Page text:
Throughout history we have classified people into two categories, good an evil, but it is all too obvious that this method of classification is flawed, for there are recesses of the human spirit that no empirical method could quantify and no mind could comprehend. In East of Eden, John Steinbeck uses an allegory of the story of Cain and Abel to analyze the influences of good and evil upon humanity and their eternal battle for dominance.
The characters of the story are designed and set up in a very interesting fashion. They are evenly split between good and evil with the power of both sides exact balanced. Charles and Adam are nearly exact opposites, with Charles being the evil one and Adam being the good one, but both are naÃÂÃÂ¯ve and impulsive. While both are pure of force, neither of them has the ability to change for they view the world in a very simplistic manner, either good or evil.
Cathy and Lee are also exact opposites, with Cathy being evil and Lee being good, but they are able to see the world for what it truly is and they see themselves for what they are, thus possessing the ability to change. While all the characters of the novel are archetypes of either good or evil, the addition of Caleb tips the balance of power between the two forces, for he is the culmination of both good and evil and the focal point of the story. Caleb is analogous of Cain and a direct interpretation of the Bible shows that he is a force of evil, but Steinbeck further examines the Bible and comes to conclude that Cain was a man, a creature with the ability to choose, an individual controlled by no one but himself and that is why both good and evil strive for control of him.
Caleb endures many trials and tribulations as he is exposed to varying degrees of both good and evil. Although Caleb has always been weighed down upon by his mother's evil, he is never harmed by it, and ironically, he is later strengthened by his confrontation with Cathy in which Cathy attempts to manipulate him and control him, it is then that he realizes that he had nothing in common with Cathy and that the righteousness within him is far more powerful than he had predicted. But what is even more ironic was that the greatest harm inflicted upon Caleb was by the one he had loved and adored the most, his own father, Adam. When Adam rejected the birthday present that Caleb gave him and asked Caleb to give it back to the people he "stole"Ã¯Â¿Â½ it from, Caleb's evil side took over, and he was overwhelmed by envy and hatred. Something that he had worked so hard on and for so long was disregarded and scrapped by merely a few words. This shows that they are all humans, humans have flaws, humans are spontaneous, and humans are fallible and that nothing could stop mistakes from occurring, whether you are good or evil. Caleb's actions after the incident was totally based on impulse, his attempt to destroy Aaron was very similar to Charles' attempt to kill Adam. However, Adam's response to Caleb's present is a natural human reaction and Caleb in turn responded in kind by harming Aaron, and by hurting Aaron he would also be hurting Adam, even though he took action against Aaron he truly wanted to harm Adam for his ungratefulness towards him. While when Charles attempted to murder Adam, he did not want to do what had done, he was only trying to claim what he believed was rightfully his through the only method he knew of. Caleb was different, he was far more sadistic, he took pleasure in his revenge, his scheme was much more devious and cunning than that of Charles and even laughed with Cathy when he showed Aaron that their mother was evil.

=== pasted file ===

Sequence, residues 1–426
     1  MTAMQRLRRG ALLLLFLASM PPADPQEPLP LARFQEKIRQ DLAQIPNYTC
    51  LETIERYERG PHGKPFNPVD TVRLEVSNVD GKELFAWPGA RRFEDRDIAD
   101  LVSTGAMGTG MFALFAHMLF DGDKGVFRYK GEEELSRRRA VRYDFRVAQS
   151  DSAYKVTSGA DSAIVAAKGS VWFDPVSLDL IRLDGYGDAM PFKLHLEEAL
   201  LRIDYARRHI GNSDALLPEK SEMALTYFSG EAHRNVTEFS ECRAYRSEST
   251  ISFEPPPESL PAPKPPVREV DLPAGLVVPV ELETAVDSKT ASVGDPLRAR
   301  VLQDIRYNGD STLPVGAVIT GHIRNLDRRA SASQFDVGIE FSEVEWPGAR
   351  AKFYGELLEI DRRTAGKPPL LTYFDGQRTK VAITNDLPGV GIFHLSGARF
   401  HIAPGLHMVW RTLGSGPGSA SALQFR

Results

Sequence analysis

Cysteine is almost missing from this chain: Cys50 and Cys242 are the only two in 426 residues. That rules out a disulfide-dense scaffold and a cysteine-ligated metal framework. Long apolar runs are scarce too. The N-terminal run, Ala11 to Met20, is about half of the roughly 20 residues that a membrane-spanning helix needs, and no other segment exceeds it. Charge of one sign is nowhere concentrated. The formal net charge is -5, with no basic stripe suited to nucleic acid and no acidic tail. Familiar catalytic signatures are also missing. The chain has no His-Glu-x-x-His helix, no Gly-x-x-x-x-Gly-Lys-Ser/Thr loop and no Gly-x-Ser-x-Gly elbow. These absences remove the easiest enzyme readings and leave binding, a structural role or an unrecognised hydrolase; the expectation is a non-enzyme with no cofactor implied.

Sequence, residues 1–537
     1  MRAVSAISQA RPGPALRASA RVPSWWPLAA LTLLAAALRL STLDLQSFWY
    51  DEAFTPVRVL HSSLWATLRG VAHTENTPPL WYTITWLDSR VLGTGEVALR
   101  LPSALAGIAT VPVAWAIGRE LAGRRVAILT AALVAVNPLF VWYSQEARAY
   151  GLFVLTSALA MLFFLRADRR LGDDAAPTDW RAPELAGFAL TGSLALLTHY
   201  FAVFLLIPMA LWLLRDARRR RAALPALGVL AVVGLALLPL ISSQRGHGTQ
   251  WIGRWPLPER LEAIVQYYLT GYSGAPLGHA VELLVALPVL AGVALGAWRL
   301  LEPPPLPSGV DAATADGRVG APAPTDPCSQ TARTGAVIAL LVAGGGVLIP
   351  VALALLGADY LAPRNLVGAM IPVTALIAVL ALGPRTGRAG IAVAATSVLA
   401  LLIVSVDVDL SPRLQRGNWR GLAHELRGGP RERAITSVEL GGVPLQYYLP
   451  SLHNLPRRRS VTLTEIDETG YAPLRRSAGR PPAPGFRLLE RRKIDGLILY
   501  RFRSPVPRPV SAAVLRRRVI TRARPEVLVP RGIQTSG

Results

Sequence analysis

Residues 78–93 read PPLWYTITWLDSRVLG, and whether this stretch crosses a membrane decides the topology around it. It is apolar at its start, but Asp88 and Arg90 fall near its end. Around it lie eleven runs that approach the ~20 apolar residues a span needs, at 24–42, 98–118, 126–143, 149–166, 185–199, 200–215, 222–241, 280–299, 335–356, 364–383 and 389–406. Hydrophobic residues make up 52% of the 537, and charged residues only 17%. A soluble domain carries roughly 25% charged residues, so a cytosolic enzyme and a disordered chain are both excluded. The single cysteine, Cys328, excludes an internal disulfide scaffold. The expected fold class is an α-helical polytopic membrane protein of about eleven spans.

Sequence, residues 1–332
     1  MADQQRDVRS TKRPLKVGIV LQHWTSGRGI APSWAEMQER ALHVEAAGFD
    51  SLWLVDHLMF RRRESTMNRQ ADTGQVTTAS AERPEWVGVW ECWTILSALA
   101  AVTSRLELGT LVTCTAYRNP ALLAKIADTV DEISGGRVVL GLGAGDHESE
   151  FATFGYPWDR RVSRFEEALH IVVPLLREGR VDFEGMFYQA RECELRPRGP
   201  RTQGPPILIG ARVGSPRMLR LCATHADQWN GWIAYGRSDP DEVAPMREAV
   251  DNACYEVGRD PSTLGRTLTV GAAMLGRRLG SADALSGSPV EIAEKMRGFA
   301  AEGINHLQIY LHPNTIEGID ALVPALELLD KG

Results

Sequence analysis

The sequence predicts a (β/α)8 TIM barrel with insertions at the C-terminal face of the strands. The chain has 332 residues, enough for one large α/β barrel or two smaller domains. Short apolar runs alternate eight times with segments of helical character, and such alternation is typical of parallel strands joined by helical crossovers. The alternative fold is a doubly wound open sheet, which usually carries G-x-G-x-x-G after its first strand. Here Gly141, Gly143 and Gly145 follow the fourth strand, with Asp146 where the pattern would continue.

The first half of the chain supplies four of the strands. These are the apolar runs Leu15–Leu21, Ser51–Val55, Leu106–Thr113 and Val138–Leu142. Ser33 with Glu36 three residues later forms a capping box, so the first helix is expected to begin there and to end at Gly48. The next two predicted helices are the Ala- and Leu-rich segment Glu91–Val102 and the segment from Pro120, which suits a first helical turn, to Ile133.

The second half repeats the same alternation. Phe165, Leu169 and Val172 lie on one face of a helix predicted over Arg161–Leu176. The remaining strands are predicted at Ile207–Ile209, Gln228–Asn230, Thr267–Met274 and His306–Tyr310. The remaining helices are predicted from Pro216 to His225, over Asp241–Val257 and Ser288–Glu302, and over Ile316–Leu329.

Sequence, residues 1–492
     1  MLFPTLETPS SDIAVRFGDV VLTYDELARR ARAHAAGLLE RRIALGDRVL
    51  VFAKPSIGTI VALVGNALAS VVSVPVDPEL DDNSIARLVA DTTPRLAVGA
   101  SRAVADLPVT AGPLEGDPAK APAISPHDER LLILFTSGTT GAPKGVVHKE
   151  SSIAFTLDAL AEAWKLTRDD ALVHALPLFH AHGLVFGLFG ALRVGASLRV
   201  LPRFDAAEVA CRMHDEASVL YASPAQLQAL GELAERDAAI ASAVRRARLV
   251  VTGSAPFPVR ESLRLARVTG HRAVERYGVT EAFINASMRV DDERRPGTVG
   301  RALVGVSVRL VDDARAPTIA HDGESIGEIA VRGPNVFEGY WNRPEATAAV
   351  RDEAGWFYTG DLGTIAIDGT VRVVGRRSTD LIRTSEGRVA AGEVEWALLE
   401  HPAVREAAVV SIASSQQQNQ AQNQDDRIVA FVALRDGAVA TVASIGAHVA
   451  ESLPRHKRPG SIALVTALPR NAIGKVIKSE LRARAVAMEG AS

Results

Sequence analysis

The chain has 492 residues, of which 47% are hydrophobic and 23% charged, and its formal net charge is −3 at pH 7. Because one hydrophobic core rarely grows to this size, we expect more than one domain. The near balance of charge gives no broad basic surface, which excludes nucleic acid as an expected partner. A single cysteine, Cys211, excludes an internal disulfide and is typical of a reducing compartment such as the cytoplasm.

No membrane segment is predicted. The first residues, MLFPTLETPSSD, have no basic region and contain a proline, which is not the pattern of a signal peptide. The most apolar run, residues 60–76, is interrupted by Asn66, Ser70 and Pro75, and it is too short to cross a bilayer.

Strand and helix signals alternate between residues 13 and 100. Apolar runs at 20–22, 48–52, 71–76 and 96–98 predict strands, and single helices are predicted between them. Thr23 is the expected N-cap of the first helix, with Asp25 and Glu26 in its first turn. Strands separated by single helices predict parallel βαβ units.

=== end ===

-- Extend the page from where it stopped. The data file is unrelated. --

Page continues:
It has been said that regret is always too late and by the time Caleb realized what he had done, it was already too late, after the anger and hatred dissipated, reason and principles took over, but an everlasting cloud of darkness and remorse hung over him even though he knew that there was nothing that he could do to heal the would. It seemed that evil had won and it was in that dark moment, a time of hopelessness and despair that a light cut through the chaos and discord and saved Caleb from his own discontent. It was the combined forces of good that saved Caleb and liberated him from evil, lee's reason and comfort, Abra's love and kindness, and most important of all, Adam's forgiveness. Adam's forgiveness was the most powerful and profound act in the entire book, for it has been said that he who forgives shares the burden of the forgiven, it took tremendous will power merely for Adam to even move, it must have taken all the power of his entire being to whisper the one word that redeemed Caleb and saved him from his own destruction.
The battle may have been won by good, but the cost of victory was immense. As General Molotov once said "The magnitude of defeat far outweighs the casualties of war"Ã¯Â¿Â½. The balance of power my have been tipped to the side of good with the redemption of Caleb, but ht war is not over, as long as there humans upon this earth, the battle between good an devil will continue, just as the fight had scarred the Track dynasty, the impact of the war will forever change humanity.